My second poetry book in French, Femmes, is the fruit of a literal translation. The translator is not a poet, she is not even a writer, she is French but knows English – no other criteria was considered by the publisher. She translated my poems from an English version of my Bengali poems into French. Several months ago when I read my poems for an hour in Maison de la Poesie, Theatre Moliere, in Paris, I read my poems in Bengali and a French actress standing beside me read the translation. The theater was full, and the audience was French who knew no Bengali. Surprisingly, I received the most applause after I read the poems in Bengali. The talented actress, however, did not get applause when she read the word-for-word translation which sounded, I imagine, unlistenable. Sometimes it is better to hear the sound of beautiful poems in a language that you do not know, rather than hear a bad translation in a language that you do know.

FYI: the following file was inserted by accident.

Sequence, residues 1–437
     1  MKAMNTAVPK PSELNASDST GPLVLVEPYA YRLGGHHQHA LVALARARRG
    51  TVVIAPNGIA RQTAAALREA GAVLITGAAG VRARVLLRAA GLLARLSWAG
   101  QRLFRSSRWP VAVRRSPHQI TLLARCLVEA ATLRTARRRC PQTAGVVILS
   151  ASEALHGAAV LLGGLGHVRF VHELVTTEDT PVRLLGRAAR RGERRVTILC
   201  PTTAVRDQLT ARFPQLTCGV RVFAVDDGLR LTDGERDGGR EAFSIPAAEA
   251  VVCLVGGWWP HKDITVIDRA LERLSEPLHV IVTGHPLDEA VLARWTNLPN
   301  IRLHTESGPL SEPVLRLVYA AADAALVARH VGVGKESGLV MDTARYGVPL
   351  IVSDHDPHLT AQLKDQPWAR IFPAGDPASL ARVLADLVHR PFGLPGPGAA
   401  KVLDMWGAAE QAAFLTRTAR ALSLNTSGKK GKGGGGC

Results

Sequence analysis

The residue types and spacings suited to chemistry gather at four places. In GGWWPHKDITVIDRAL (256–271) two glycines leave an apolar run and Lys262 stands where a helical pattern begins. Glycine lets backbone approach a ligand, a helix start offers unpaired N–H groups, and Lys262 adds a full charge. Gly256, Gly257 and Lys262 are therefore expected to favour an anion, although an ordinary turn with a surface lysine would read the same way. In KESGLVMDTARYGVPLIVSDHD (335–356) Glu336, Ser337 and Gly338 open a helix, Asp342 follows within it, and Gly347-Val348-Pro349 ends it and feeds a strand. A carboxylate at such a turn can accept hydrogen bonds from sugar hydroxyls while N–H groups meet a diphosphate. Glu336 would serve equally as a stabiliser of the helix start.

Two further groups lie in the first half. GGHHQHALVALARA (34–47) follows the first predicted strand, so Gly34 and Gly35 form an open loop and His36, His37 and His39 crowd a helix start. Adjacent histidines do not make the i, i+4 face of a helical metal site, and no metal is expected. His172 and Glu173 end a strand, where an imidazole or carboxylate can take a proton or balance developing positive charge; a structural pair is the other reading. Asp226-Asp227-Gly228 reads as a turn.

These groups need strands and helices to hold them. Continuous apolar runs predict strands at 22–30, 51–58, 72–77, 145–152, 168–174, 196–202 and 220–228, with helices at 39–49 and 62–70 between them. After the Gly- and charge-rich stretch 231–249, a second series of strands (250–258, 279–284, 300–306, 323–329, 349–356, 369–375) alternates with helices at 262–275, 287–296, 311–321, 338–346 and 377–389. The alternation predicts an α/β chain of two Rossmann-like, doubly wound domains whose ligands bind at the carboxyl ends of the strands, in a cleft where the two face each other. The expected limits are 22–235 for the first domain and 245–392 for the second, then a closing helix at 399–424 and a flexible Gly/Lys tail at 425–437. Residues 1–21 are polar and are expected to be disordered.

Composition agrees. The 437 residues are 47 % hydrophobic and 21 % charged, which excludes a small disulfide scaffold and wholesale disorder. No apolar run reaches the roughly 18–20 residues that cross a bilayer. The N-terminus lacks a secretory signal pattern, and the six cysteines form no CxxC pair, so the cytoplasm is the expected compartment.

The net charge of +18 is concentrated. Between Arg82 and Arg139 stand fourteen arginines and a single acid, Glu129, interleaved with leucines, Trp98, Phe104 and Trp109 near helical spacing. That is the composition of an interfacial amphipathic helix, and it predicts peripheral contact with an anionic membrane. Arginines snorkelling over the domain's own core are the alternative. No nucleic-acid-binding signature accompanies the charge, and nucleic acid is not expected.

There are some particular problems in the translation process: problems of ambiguity, problems that originate from structural and lexical differences between languages and multi-word units such as idioms and collocations. Another problem is grammar, for there are several constructions of grammar poorly understood, in the sense that it isn’t clear how they should be represented, or what rules should describe them.

The words that are really hard to translate are frequently the small, common words, whose precise meaning depends heavily on context. Some words are untranslatable when one wishes to remain in the same grammatical category. The question of whether particular words are untranslatable is frequently debated.

For example, it isn’t easy to translate poetry because you need to analyze the words and meaning in the work’s flow and rhythm or rhyme. Most translations of poetry are bad. This is principally because the translator knows the foreign language too well and his or her native language too poorly. Some English poetry translations, particularly if they are robotic, do a great disservice to the originals.